Submetering Water for Leak Detection
Why is leak detection important?
It is estimated that 14% of the average American household's water use is actually due to household leaks. According to Water Sense (EPA water program) the average household's leaks waste more than 1 trillion gallons annually nationwide. Just fixing leaks can save multi-family property owners about 10-20% on their water bills.
Water leaks affect the water bill and the sewer bill. Sewer rates are based on the amount of water consumed.
Where is the most prevalent leak?
Toilets are the number one fixture that leaks water. Often times, since a toilet leak may not be seen, it can go undetected for weeks if not months. Causes of toilet leaks include damaged flappers, cracked fill valves and hung up flapper chains.
How can the multi-family property owner both submeter water consumption and stop leaks?
It is highly recommended to install water meters from H2O Degree that are designed to both submeter water consumption in apartments and are able to provide metering data to a server that can send an email of daily leak reports to the property owner's maintenance team.
How do the H2O Degree water meters work and why can't other water meters detect leaks?
There are three basic types of water meters used to submeter water in multi-family housing; small turbine water meters, pulse water meters and encoded register meters. Only the H2O Degree water meters can detect and report water leaks.
H2O Degree Small Turbine Water Meters
This category of water meter was invented by H2O Degree over 10 years ago. This water meter has a small turbine which spins inside of a capsule as water flows through the water meter. A microprocessor counts the number of revolutions. The turbine may rotate 1800 revolutions for every gallon. Each revolution of the turbine equates to a predetermined fractional gallon. In addition to counting the gallons, the microprocessor also counts events. Events are the number of times the flow of water starts and then stops. Finally, the microprocessor counts the number of seconds water was flowing.
Leaks are detected by looking at daily water consumption (gallons), the daily number of events and the daily total water flow time.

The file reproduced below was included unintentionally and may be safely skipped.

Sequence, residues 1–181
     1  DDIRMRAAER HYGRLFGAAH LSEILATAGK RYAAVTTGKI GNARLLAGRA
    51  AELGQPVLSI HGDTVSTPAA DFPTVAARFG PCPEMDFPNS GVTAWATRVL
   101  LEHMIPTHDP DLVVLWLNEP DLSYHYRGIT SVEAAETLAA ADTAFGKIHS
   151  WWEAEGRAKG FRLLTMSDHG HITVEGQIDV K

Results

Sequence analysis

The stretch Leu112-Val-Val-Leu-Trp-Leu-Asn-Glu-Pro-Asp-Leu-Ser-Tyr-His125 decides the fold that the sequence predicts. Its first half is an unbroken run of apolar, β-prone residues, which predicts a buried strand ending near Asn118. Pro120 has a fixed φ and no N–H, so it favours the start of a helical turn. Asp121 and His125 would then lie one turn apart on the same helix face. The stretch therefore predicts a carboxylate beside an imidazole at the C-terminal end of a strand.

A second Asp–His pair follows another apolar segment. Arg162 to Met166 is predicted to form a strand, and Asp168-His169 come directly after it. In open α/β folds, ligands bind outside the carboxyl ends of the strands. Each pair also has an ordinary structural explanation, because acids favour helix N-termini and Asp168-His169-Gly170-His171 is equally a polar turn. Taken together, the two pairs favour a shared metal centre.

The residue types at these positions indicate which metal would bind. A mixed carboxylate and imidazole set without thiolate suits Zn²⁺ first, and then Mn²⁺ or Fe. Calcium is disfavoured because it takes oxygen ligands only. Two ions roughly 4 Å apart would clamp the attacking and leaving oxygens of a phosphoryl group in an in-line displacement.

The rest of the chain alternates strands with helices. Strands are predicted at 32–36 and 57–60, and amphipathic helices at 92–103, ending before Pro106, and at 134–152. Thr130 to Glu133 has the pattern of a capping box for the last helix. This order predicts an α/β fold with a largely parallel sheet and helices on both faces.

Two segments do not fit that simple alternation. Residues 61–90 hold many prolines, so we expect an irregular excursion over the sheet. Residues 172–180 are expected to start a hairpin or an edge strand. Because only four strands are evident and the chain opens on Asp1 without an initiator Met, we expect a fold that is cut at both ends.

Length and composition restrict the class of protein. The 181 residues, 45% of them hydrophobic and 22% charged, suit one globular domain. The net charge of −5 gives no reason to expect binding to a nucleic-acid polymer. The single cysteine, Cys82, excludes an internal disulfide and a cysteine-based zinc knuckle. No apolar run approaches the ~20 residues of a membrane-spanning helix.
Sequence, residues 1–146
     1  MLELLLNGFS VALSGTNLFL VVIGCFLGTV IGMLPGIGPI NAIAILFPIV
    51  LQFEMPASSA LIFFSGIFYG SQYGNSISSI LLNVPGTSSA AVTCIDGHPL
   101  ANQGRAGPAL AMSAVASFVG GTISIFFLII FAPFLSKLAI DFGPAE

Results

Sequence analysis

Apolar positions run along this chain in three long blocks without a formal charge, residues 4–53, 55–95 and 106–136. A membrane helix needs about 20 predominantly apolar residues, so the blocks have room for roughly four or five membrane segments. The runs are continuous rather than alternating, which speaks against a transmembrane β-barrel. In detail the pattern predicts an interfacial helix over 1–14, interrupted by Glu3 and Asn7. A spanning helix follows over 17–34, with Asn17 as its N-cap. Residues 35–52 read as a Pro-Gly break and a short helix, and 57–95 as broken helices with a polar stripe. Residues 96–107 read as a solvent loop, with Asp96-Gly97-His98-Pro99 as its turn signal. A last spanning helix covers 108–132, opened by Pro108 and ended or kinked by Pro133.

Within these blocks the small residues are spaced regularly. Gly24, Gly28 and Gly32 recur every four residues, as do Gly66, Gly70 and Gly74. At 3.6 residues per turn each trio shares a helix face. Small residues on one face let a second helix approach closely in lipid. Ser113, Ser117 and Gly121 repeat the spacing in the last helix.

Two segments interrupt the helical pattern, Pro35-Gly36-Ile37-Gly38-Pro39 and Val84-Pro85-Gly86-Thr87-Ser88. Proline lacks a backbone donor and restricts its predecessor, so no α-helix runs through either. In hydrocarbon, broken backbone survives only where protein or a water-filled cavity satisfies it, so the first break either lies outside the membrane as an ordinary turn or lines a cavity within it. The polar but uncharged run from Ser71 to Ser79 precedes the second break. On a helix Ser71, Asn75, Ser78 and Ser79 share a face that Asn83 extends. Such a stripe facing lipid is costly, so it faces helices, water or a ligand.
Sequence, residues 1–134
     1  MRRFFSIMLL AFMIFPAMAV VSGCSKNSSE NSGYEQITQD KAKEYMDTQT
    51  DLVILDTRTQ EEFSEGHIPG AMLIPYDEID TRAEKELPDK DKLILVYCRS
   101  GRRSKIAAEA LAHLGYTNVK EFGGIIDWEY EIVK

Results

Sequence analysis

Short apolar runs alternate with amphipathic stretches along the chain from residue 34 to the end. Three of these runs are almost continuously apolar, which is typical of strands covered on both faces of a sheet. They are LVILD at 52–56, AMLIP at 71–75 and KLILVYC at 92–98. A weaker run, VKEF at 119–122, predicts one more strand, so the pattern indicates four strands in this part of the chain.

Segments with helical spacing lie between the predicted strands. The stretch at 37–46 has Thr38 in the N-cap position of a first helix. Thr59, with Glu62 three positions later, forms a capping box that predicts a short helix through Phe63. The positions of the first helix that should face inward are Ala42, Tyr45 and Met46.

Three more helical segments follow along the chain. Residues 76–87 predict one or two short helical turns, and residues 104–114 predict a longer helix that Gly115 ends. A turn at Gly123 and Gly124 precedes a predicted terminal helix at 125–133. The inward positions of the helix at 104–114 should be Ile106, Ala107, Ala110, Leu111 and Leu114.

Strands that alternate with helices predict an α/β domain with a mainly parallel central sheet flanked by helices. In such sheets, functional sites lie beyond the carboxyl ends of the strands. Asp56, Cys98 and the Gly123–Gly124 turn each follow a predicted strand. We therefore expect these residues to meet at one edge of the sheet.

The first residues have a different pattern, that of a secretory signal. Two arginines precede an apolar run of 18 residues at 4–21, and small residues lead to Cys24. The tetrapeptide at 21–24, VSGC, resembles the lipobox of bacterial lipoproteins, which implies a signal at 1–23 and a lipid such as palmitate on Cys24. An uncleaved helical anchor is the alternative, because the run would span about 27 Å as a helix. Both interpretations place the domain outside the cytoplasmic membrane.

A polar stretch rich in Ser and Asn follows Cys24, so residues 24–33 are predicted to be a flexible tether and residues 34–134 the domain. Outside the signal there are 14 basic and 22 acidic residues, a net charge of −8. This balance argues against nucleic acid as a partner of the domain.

Daily Gallons Per Day
For a one to two bedroom apartment the daily number of gallons should be less than 200 gallons.
Daily Gallons Per Event
If the total number of events is very high (hundreds or thousands) then the gallons per event will be very low (typically 0.1 gallon per event.) This is very indicative of a flapper leak. The flapper allows water to flow into the bowl, the fill valve refills the tank and the cycle starts all over again. Each stop and start of water flow is recorded by the water meter.
Daily Total Water Flow Time
If the number of seconds the water was flowing to the apartment is high, and the number of events is low or even zero, then water is flowing continuously. This is indicative of a cracked fill valve or a hung up flapper chain. Water is constantly running into the toilet bowl.
The H2O Degree system reports water consumption (gallons) for each apartment for billing purposes.
Pulse Water Meters
Most water meters used in submetering generate a pulse each time a fixed amount of water passes through the water meter. A pulse water meter outputs one pulse every 1 gallon or every 10 gallons. In the example below, the pulse output is 1 pulse for every 10 gallons so the 12 pulses represent 120 gallons.
Encoded Register Meters
Most water meters used in utility metering applications have a mechanical register. An interface board in the meter reads the mechanical register and encodes the data in order to send the data over a three-conductor cable.
As shown below, the encoded register starts at 10,000 and every ten gallons that passes through the water meter increases the mechanical register by 10. The graph shows the same data as the "Water meter pulse output." Over the time period shown, 120 gallons flowed through the water meter and the mechanical register shows 10120 at the end of the time period.